Yes, so I’ve been doing some work with a colleague in Madagascar, for example, which is this incredible country. It has all these natural resources, but it’s poor and they have strip mines, deforestation is a big deal. So much of their population depends on ocean resources and tourism and to just go in and just say, hey, either this is the impacts of deforestation, look at all of this erosion going into your coastal waters and the nutrients that are now fundamentally influencing the organisms that live there. This is kind of a deep big deal, and it’s interesting for us because we’d talk about the science. And then you can talk to the communities and they’re like, yeah, we see it. We know. We can see that this is impacting. And we’re like, yeah, so this is how it’s happening, and you’re not … you’re right, these are changes. So, no, from a societal perspective, I mean, this technology is profound in what we can, as scientists, what we can do to help. I think other countries and developing countries we can really play an important role in helping them manage their own ecosystems.

Awesome, that’s great. And what do you most enjoy or have satisfaction with in your job? In your career?

I have the best job in the world. I love my job. I love my job for so many reasons. If you had told me that I would love my job and would love what I do, like 25 years ago, I would have laughed at you because this was not anything, I had ever imagined that I could possibly do. No one in my family does anything like this. I’m kind of the outlier. So, I love just basic research. Just finding the answers to questions, right? For me, just questions, random questions. I love the ability to, if I have a question about something completely different than what I started out on, I can go and look at that question. I kind of don’t have a boss, in some ways, [inaudible 03:35:39] I love interacting with students. I never knew that I would have so much fun interacting with students. They bring new ideas and they ask me questions that I’m like, I should know the answer to that, and I don’t. So, make me think about things in different ways that I didn’t know. Didn’t think about.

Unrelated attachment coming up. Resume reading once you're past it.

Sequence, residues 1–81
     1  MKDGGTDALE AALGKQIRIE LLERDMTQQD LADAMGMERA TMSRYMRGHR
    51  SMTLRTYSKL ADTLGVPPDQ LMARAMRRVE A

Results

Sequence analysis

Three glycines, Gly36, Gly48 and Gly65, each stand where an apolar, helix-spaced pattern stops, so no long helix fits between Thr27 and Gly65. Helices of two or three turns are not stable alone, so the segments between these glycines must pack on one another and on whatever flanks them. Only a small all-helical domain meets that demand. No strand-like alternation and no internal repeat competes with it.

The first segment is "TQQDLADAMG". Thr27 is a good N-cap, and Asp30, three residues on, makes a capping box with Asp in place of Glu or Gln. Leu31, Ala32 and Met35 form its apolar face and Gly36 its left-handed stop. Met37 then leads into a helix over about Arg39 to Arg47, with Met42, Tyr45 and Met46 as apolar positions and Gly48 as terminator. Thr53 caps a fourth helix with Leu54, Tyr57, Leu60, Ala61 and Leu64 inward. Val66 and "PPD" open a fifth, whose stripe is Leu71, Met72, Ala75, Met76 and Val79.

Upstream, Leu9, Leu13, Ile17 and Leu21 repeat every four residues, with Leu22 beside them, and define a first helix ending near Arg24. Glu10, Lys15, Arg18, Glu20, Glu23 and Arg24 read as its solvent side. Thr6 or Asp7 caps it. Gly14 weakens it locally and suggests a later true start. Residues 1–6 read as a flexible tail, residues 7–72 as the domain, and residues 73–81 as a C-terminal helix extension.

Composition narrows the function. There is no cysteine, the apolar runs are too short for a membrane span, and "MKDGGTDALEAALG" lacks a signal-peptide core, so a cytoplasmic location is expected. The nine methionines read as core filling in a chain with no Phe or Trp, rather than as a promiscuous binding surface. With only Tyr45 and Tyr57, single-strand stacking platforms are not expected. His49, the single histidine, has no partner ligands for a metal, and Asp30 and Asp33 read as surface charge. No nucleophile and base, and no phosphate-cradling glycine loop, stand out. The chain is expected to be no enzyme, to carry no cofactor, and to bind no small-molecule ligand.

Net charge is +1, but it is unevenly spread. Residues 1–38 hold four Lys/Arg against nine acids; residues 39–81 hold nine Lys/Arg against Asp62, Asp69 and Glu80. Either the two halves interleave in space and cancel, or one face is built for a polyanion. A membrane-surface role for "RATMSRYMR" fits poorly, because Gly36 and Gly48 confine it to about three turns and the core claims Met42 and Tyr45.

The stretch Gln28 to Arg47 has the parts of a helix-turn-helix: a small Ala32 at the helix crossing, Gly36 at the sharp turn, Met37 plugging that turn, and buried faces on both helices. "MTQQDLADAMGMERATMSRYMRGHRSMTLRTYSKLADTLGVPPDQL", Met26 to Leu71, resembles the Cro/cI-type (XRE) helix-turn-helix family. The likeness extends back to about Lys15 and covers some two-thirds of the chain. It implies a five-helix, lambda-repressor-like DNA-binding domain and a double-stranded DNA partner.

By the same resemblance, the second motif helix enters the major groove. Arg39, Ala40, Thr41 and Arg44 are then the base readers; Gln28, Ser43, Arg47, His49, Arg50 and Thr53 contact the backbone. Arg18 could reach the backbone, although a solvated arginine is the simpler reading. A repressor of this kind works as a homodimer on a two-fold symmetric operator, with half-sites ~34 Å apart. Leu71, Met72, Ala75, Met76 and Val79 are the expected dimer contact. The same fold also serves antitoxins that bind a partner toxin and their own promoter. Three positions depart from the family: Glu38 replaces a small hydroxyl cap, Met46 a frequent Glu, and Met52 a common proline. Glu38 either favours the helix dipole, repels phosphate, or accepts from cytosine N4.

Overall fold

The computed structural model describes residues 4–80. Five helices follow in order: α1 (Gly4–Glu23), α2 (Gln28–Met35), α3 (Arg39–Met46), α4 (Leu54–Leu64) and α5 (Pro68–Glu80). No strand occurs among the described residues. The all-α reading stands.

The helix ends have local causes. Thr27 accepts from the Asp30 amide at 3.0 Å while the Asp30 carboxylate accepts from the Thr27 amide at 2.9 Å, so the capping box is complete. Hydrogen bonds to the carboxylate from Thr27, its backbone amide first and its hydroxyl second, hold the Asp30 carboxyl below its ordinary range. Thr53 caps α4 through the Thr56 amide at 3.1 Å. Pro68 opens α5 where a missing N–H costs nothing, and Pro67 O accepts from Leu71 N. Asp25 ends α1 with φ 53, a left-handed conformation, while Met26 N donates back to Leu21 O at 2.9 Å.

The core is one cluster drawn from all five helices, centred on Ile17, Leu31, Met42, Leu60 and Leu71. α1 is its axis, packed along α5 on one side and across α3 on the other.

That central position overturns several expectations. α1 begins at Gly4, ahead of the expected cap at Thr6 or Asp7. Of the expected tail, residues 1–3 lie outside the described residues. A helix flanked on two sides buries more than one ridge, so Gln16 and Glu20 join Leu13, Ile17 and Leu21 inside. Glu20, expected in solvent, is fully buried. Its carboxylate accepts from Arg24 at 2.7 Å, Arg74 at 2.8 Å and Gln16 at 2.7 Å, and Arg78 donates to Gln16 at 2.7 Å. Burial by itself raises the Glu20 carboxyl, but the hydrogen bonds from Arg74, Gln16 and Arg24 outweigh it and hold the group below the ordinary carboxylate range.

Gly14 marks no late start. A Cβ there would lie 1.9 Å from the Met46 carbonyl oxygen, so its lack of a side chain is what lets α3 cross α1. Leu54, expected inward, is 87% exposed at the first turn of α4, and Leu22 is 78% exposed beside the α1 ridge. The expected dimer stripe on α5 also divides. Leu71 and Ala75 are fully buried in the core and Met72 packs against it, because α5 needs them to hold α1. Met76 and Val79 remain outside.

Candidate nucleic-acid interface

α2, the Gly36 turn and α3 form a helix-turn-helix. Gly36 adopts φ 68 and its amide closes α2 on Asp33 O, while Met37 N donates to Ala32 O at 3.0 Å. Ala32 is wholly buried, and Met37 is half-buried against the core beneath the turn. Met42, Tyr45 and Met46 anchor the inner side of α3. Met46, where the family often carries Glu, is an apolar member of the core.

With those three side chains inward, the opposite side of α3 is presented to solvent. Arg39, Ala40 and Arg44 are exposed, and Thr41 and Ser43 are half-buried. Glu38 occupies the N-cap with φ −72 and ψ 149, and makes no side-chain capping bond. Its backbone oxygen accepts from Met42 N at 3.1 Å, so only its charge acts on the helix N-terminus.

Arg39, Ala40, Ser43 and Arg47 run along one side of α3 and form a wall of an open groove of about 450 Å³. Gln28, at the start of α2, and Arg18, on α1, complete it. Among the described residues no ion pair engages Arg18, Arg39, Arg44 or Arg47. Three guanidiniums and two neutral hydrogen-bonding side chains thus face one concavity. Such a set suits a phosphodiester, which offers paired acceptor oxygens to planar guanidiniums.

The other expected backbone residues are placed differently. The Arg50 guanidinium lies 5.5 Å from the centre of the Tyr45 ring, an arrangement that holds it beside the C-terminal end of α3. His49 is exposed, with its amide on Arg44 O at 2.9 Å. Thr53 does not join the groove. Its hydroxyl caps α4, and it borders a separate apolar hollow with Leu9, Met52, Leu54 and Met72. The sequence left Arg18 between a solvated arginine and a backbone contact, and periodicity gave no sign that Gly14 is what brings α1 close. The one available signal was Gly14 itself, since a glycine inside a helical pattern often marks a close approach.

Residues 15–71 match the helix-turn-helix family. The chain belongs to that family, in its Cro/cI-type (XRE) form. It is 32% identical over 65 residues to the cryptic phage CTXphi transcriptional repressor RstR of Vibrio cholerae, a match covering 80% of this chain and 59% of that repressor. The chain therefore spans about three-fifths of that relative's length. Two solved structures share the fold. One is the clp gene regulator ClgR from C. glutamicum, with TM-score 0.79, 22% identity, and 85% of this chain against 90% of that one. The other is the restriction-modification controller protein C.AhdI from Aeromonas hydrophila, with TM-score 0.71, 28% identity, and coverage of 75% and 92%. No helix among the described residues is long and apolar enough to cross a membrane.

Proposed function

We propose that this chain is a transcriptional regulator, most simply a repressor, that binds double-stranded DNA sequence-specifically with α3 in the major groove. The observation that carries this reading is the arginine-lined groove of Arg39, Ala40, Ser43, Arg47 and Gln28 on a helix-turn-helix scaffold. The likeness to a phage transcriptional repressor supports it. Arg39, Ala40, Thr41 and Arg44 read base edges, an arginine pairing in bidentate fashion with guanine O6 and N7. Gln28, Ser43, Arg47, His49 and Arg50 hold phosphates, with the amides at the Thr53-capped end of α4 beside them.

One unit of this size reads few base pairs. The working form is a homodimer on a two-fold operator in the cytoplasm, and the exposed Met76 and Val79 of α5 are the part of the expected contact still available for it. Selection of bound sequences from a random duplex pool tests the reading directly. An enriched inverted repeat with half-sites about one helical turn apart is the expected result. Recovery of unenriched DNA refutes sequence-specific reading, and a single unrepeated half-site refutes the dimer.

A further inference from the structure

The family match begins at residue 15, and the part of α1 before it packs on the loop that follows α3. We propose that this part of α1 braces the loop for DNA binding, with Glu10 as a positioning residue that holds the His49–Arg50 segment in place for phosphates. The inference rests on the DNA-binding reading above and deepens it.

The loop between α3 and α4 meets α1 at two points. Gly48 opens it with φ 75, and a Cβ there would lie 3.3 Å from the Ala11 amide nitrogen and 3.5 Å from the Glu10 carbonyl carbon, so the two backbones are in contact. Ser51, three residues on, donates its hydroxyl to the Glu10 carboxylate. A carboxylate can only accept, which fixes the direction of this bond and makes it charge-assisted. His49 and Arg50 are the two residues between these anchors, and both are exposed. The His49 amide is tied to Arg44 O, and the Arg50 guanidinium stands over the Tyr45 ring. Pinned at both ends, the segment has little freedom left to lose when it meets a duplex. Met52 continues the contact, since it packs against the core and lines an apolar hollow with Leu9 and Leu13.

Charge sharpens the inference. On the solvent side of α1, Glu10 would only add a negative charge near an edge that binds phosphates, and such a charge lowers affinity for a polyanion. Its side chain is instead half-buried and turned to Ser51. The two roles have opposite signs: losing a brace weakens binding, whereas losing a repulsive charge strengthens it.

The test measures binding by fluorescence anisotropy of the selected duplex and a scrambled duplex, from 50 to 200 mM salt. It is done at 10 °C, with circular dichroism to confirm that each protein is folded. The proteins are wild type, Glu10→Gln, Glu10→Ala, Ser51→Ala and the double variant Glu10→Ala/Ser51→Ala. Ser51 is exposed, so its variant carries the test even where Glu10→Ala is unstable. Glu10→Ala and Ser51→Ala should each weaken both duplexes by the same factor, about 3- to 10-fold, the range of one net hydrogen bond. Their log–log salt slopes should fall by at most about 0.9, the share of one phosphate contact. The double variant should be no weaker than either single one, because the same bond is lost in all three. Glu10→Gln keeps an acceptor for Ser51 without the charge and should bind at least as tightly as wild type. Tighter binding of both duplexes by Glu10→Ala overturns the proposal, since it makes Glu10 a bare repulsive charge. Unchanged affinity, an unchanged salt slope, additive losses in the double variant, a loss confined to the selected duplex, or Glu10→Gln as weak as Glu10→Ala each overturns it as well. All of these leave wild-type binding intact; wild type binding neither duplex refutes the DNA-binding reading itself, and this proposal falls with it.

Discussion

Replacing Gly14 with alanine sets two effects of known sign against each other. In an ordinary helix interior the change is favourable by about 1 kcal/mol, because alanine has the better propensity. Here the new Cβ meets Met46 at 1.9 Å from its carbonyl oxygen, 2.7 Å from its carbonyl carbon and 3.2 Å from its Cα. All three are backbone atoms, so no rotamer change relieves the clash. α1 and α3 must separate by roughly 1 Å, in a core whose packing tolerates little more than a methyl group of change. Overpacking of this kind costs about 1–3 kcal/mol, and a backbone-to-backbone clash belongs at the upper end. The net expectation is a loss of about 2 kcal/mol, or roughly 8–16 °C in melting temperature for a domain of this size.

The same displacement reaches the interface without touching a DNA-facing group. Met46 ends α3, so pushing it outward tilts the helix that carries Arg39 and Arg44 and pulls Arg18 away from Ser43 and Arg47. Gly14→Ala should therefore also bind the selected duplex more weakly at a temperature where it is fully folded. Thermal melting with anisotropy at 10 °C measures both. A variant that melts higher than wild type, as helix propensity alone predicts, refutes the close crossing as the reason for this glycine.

And I have a family. I have two kids and I think one of the things that was probably most surprising to me is that given the way my job is, I have a lot of flexibility. I admit it, I work hard, I do, but when my daughter has a soccer game at 3:00 on a Wednesday and I’ve taught that morning, guess what, I leave and go watch my daughter play her soccer game, you know. And yeah, I might work a little bit later, but I don’t have many friends who have that flexibility to go to the 10AM award ceremony or the … So, I’ve had a lot of opportunities to spend time with my kids and they came to Madagascar with me. I was like, come on let’s go. It’s never going to happen again, come on, let’s just go. I love my job. I love everything about my job.

That is important. And important for sure as a female, there’s a balance to life to.

Oh, yeah, oh, yeah. I had both my children before tenure. I was very well supported. Like I said, I think if you are passionate about what it is you do, whether you’re a professor in sciences. I’m not a medical doctor, a lawyer, a business person, you know, you will work hard at that job because you love it. You’ll make it work. Lots of people do.

And is there anything else you’d like to add?

Follow your passion. Follow the things that interest you. There’s a lot of concern about making sure that your family is happy. Like your parents, maybe. A lot of concern about getting a job and I would just say that finding the thing you love most and having that be your job is pretty much the perfect scenario. And that if you just make enough money to put food on the table, life is pretty good. And I’m saying this for someone who was very poor growing up. So that would be my advice is go for it. Don’t let anyone tell you that you can’t, and you’ll succeed.

Excellent. For sure, because as a scientist, it takes a long time to get to that where you can put food on the table and a roof and a car.

Yeah, yeah. My mom is so happy. My dad tells people I went to MIT to study fish poop, but it’s okay, because I went to MIT. I mean that’s what he says, yeah. “She studies fish poop. I don’t know what it is.” Thanks dad, yeah.

Excellent. Well thank you so much.

Your welcome.